Mine disaster pushes safety to top of political agenda

This week’s Orkney mine accident comes on the eve of the report of a judicial commission on mine safety, reports Eddie Koch

The accident at the Vaal Reefs Mine near Orkney, which killed up to 100 workers on Wednesday night — the biggest underground disaster in more than a decade — is set to push health and safety in the mining industry to the top of the country’s political agenda.

President Nelson Mandela, himself a former mineworker and honorary president of the National Union of Mineworkers (NUM), on Thursday expressed anger at the accident. “It is a very shocking affair — but I would like to reserve comment until the facts have become clear.”

Mandela said Cyril Ramaphosa, chairman of the Constitutional Assembly and former NUM general secretary, had been briefed on the tragedy. The accident highlighted the need for safety reform in the industry, added Marcel Golding, the union’s erstwhile assistant general secretary, who now heads up a parliamentary committee on mineral and energy affairs.

Golding said it was not possible to identify the exact cause at this stage. The disaster happened just days before the report of the Leon Commission, an inquiry which makes far-reaching recommendations for improved health and safety on the mines, was due to be submitted to government.

The disaster is the biggest in the mining industry since a fire at the Kinross mine near Secunda killed 177 workers in 1986 and is the first major mining accident since the new government, which includes a number of former mineworkers and mine union officials in senior positions, was elected last year.

Annual wage talks between the union and the Chamber of Mines are set to begin in June and are likely to be dominated by health and safety demands. “We are pushing for the workers’ right to elect health and safety stewards who can participate (in the management of mine dangers) and their right to refuse dangerous work,” said a union

The union also wants more access to information regarding working conditions on the mines for its members and improved training and education around health and safety conditions, especially those that prevail underground in deep-level gold mines.

The NUM on Thursday lambasted Mineral and Energy Affairs Minister Pik Botha for his statement that the Vaal Reefs mine disaster was the result of “human error”.

‘It concerns us that the minister appears to be pre-empting an investigation by already deciding the reason for the accident,” said a union representative. “What this disaster shows is that the entire health and safety system on the mines needs to be reviewed instead of blaming human error.”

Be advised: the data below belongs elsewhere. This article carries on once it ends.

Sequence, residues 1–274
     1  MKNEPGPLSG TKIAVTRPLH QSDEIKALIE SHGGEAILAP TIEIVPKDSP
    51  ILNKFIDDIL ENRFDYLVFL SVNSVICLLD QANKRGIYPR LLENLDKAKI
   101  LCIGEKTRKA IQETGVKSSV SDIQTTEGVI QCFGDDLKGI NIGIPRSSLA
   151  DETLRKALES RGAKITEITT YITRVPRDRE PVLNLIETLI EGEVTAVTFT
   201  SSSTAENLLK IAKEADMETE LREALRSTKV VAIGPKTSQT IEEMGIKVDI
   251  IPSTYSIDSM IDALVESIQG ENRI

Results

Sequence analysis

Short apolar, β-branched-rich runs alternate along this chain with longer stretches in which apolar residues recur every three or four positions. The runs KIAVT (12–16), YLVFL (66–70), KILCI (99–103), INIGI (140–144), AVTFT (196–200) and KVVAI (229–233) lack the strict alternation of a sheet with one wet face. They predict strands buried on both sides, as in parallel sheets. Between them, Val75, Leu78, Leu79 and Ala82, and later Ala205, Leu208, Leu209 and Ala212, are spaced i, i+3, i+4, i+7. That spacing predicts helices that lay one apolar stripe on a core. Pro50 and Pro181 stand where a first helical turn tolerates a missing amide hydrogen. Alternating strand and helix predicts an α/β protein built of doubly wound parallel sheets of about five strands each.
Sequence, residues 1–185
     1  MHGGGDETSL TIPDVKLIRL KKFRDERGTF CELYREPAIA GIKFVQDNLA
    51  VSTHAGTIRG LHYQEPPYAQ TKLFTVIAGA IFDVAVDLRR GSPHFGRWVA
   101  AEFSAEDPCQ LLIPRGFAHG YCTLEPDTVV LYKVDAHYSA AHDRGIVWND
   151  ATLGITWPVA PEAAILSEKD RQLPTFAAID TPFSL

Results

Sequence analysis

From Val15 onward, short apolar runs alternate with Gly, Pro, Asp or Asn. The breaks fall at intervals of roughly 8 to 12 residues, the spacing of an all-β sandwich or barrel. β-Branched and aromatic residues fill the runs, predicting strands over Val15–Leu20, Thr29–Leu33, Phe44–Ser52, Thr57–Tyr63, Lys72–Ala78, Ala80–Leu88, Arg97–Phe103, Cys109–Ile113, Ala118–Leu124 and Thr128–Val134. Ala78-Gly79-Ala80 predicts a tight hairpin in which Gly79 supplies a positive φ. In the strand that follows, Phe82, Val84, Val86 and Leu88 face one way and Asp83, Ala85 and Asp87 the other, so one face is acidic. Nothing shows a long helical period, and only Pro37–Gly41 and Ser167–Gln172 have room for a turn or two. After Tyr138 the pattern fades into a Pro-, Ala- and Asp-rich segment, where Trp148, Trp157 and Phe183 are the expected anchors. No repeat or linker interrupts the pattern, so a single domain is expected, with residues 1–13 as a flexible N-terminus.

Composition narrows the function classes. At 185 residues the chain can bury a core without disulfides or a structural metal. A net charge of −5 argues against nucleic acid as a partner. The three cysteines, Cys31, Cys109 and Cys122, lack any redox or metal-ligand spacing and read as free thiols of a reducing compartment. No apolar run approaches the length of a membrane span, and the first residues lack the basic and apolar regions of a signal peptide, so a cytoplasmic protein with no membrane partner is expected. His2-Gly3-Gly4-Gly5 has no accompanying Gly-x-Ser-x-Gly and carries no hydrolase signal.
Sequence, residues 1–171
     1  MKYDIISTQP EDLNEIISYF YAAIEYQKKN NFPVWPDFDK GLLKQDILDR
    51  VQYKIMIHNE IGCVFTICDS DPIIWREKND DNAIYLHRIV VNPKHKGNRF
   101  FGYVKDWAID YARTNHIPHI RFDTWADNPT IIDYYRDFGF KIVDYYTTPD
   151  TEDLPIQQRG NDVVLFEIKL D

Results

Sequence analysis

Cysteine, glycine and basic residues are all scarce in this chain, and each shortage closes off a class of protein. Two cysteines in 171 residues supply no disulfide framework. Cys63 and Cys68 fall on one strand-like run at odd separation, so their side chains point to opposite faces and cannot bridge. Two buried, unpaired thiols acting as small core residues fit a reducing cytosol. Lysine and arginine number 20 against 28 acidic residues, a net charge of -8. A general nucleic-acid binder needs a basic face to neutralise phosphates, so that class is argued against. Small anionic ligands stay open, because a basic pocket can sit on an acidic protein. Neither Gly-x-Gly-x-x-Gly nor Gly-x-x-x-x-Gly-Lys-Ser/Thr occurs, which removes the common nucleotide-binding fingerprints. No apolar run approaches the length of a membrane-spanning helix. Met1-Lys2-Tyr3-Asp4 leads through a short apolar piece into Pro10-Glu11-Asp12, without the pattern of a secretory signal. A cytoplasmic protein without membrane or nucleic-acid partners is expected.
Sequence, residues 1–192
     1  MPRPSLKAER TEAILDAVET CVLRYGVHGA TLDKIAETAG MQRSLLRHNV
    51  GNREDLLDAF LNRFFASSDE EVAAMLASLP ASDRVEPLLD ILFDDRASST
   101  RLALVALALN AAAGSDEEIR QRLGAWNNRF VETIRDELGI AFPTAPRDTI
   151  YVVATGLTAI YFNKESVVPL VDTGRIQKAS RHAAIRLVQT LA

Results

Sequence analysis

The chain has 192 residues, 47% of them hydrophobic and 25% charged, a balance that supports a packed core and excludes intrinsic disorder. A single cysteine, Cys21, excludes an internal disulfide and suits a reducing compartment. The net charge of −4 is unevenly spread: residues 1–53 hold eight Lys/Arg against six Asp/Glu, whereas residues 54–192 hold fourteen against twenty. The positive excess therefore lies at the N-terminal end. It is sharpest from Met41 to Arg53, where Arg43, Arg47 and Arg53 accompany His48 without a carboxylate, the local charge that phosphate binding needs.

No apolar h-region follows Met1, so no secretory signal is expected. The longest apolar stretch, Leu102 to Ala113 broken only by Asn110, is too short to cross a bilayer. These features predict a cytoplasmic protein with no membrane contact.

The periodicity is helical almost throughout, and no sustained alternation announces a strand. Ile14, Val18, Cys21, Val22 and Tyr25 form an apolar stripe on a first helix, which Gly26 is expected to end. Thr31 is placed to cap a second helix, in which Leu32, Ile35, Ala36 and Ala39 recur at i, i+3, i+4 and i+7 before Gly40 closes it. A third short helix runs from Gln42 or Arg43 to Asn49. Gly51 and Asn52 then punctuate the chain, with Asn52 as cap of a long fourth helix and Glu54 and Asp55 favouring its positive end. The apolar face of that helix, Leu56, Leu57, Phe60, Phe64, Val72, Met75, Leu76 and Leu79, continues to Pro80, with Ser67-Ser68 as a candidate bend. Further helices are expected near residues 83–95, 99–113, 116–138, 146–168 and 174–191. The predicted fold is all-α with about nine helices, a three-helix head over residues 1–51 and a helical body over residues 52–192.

It was joined by the mainly white Mine Workers Union, which demanded immediate implementation of the Leon Commission’s proposals to improve safety conditions, and an independent investigation into the accident.

A statement issued early on Thursday by the mine said a locomotive and carriage fell from 56 level, some

1 700m below surface, on to the lift cage, which was full of night-shift workers, causing the cage’s rope to snap. “The cage then plunged more than 500m to the bottom of the shaft, some 2 300m below surface.”

Botha said human error was probably the cause of the accident. “It is clear in this accident that the human factor must have played a role on the basis of what is known at this stage. The cause cannot be attributed to a natural, unforeseen event.”

“The locomotive could not have moved as it did, had it been properly controlled. The driver is alive so he must have either jumped out of the locomotive or in any event was not in it.”

The Chamber of Mines and its members expressed shock over the accident. Its president, Alan Munro, said in a statement the chamber was saddened by the tragic loss of

“We grieve with the families and friends of miners who died and extend to them our sincerest condolences in this time of extreme sorrow.”

NUM president James Motlatsi and general secretary Kgalema Montlanthe were both underground inspecting the scene of the disaster on Thursday morning. They were due to hold a press conference in Klerksdorp later in the day.

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